18 April, 2009

Happy Hour Discurso

Today's opining on the public discourse.

Michael Steele's ba-ack. And he appears to have been infected by the acute paranoiditis Cons have been suffering of late:

Steele spoke with Sean Hannity last night, and in the context of the Department of Homeland Security's report on potentially dangerous right-wing radicals, both suggested that President Obama is some kind of possible threat to national security.

Steele went on to argue, without evidence, that he's "sure" a recent anti-abortion event in Indiana featured federal surveillance.

"They've got their eye on the 3,000 Americans who assembled in Indiana last night, in Evansville, Indiana, to profess their continued effort to save the life of the unborn," Steele said, adding, "I'm sure there was somebody in the room with a notepad and a camera taking snapshots and writing down names."

Oh, yes. Because, y'know, it couldn't possibly be a reporter, say, or maybe a local liberal blogger.

Of course, he was in Rush Limbaugh's presence, and might have merely been reflecting the crazy. Limbaugh certainly overflows with it:

On his radio show yesterday, Rush Limbaugh responded to the Obama administration’s release of four of the OLC torture memos with a full-throated defense of of torture and its effectiveness for gathering useful intelligence. As evidence of the effectiveness of torture, Limbaugh noted that — in his speech to the Republican National Convention last summer — Sen. John McCain (R-AZ) said the North Vietnamese “broke” him while he was a POW. Limbaugh suggested that in saying the North Vietnamese “broke” him, McCain was saying that torture worked:

LIMBAUGH: The idea that torture doesn’t work– that’s been put out from John McCain on down– You know, for the longest time McCain said torture doesn’t work then he admitted in his acceptance speech at the Republican National Convention last summer that he was broken by North Vietnamese. So what are we to think here?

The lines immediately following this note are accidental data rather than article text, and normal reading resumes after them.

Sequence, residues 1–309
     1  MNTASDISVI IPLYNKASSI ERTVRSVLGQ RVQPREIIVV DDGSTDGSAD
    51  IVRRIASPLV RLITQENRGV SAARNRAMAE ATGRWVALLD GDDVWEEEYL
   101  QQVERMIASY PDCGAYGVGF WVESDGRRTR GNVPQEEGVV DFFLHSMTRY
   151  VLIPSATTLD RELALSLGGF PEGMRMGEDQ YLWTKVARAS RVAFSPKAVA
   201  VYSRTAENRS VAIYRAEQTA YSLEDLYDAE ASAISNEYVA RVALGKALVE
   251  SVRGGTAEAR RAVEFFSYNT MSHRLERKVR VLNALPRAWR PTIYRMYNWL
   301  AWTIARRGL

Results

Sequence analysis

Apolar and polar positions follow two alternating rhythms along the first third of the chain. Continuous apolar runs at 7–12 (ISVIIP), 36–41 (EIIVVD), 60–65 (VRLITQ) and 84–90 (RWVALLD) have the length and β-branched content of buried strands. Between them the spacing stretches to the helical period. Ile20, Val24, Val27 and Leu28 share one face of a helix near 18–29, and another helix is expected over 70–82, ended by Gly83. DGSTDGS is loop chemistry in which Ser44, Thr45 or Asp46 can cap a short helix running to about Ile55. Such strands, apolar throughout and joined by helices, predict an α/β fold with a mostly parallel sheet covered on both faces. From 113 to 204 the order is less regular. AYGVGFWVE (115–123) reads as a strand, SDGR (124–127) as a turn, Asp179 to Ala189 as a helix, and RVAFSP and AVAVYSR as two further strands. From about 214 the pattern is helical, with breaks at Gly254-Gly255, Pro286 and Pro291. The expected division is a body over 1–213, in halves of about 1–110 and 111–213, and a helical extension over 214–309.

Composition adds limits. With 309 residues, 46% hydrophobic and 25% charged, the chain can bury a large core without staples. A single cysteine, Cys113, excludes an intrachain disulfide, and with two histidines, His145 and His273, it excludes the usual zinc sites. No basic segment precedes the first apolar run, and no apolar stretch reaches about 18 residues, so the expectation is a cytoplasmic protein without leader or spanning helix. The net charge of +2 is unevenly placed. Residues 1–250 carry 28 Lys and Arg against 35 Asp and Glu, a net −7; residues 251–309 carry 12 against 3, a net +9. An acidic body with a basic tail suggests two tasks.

Well, Think Progress did some thinking, and there's really only one conclusion here. Rush is full of shit:

Elsewhere in his memoir, McCain recalled providing false information to his captors on multiple occasions in order to “suspend the abuse.” Further, McCain explained in a 2005 Newsweek column that he believed torture would yield little actionable intelligence. “In my experience, abuse of prisoners often produces bad intelligence because under torture a person will say anything he thinks his captors want to hear — whether it is true or false — if he believes it will relieve his suffering,” McCain wrote.

McCain was right. As the Washington Post reported last month, the torture of Abu Zubaida — who was once thought to be a high-level AQI operative — did not foil “a single significant plot” and provided the CIA with a number of “false leads.” “We spent millions of dollars chasing false alarms,” one former intelligence official told the Post. Further, “most of the useful information from Abu Zubaida — chiefly names of al-Qaeda members and associates — was obtained before waterboarding was introduced.”